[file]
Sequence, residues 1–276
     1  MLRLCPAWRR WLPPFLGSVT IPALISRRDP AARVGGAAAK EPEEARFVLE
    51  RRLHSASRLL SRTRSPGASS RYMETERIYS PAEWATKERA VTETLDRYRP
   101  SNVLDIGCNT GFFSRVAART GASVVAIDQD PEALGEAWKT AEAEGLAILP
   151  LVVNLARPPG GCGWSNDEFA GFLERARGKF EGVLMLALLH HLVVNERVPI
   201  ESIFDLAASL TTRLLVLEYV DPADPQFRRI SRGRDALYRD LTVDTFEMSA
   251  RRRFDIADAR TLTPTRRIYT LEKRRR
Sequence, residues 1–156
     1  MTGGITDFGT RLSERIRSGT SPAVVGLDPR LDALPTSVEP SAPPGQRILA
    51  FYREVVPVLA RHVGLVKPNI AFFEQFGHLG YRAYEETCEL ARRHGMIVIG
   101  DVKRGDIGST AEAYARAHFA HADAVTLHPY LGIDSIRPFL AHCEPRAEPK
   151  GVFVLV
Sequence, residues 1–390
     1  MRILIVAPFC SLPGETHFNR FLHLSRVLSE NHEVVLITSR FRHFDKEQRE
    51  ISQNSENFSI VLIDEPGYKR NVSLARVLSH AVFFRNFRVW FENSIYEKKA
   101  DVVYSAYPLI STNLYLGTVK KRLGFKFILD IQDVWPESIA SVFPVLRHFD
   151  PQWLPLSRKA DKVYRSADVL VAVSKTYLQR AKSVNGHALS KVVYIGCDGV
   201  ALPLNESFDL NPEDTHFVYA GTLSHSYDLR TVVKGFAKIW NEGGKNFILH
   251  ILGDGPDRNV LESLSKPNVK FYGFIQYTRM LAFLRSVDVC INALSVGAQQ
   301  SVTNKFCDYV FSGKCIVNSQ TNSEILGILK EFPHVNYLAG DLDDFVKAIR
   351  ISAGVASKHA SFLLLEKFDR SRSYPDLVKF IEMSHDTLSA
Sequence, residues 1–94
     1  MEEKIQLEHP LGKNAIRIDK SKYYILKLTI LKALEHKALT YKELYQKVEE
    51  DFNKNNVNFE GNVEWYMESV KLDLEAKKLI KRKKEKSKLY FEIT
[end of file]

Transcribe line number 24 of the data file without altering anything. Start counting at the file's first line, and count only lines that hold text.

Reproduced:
    51  DFNKNNVNFE GNVEWYMESV KLDLEAKKLI KRKKEKSKLY FEIT